Google in Jeopardy

August 18, 2009

Two heavyweights in the search expertise department have concluded that Google may be vulnerable to Microsoft and Yahoo when their search systems are combined. And if not actually in trouble, two search experts think that Googzilla could be cornered and its market share reduced.

Let’s look at what the search experts assert, using new data from online monitoring and analytics vendors.

Search Engine Land, a publication focused on search engine optimization or SEO, ran “Report: MicroHoo Penetration Near Google’s, Google Users Most Loyal”. Greg Sterling analyzed the comScore data. He noted that Google had “65 percent of the search volume in the US”. He added, [the data] shows that 84 percent of search users are on Google.” Then he inserts the killer comment for those who want Google neutered:

However 73.3 percent of the search user population are on Yahoo and Microsoft, when the two are combined.

He pointed out that Google is a habit. He closed the analysis with the comment:

The new conventional wisdom is that people simply use Google because they’re familiar with it and have become habituated to using it. But I suspect that explanation doesn’t really capture what’s going on.

My question is, “What is going on?” You can look at his presentation of the comScore data and draw your own conclusions.

Along the same line of reasoning, the New York Times weighed in with “The Gap between Google and Rivals May Be Smaller than You Think”. Miguel Helft wrote:

ComScore found that for the combined Yahoo-Microsoft, “searcher penetration,” or the percentage of the online population in the United States that uses one of those search engines, is 73 percent. Google’s searcher penetration is higher, but not by that much: at 84 percent.

Again the foundation of the argument is comScore. Mr. Helft concluded with what I found a surprising direction:

“The challenge will be to create a search experience compelling enough to convert lighter searchers into regular searchers which is generally easier than converting new users,” Eli Goodman, comScore Search Evangelist, said in a press release. “Though clearly easier said than done, if they were to equalize the number of searches per searcher with Google they would command more than 40 percent market share.” That suggests Microsoft may want to spend more of its money improving Bing, rather than on marketing Bing. Spending on both, of course, can’t hurt.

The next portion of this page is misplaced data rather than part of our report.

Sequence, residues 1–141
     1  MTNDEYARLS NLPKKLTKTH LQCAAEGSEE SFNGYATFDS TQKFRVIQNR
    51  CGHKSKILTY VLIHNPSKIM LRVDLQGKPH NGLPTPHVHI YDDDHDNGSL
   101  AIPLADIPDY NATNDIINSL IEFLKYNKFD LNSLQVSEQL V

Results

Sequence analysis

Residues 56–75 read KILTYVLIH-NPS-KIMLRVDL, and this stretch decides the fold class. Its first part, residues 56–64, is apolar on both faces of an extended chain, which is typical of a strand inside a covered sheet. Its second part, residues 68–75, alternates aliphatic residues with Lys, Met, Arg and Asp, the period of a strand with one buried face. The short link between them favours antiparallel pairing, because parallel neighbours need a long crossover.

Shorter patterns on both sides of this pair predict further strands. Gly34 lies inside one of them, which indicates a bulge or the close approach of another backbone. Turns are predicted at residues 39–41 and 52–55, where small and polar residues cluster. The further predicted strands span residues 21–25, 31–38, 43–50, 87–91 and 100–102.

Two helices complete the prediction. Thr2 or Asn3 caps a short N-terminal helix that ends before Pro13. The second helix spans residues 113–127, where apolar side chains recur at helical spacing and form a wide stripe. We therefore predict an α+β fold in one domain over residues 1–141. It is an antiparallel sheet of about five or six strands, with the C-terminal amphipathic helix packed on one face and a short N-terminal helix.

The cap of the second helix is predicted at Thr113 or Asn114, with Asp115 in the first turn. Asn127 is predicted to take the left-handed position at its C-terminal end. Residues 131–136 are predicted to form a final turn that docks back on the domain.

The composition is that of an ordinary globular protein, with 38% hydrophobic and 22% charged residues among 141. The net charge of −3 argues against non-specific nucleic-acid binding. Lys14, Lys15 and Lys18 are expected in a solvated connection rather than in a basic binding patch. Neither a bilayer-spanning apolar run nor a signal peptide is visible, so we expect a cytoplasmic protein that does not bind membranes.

So, two search experts see the comScore data as evidence of an important development in Web searchers’ behavior. And the New York Times is offering Microsoft marketing advice. I recognize the marketing savvy of the New York Times and I think that the New York Times should tell Microsoft what to think and do.

Three questions flapped through the addled goose’s mind:

  1. Are the comScore data accurate? I did not see any information from other Web traffic research firms, nor did I see any data from either Google or Microsoft. My recollection is that any data about Web traffic and user behavior has to be approached with some care. Wasn’t there that notion of “margin of error”?
  2. What is the projected “catch up” time for Microsoft and Yahoo, once the firms’ search businesses are combined? My analyses suggest that the challenge for Microsoft is “to get there from here”. The there is a significant chunk of Google market share. The “here” is the fact that the traffic data are in early days, influenced by “pay for search schemes”, and research methods that have not been verified.
  3. Are the search experts working hard to create a story based on a consulting firm’s attempt to generate buzz in the midst of the August doldrums?

Experts like Search Engine Land and the New York Times know their material and are eminently qualified as consultants in information retrieval. What keeps nagging me is that pesky 80 percent Google market share and the 11 years of effort necessary for Google to achieve that share. I am not expert. I see a lot of work ahead for Microsoft.

Stephen Arnold, August 18, 2009


One Response to “Google in Jeopardy”

  1. New Clickbank Products for Tuesday, August 18, 2009 on August 18th, 2009 9:57 am

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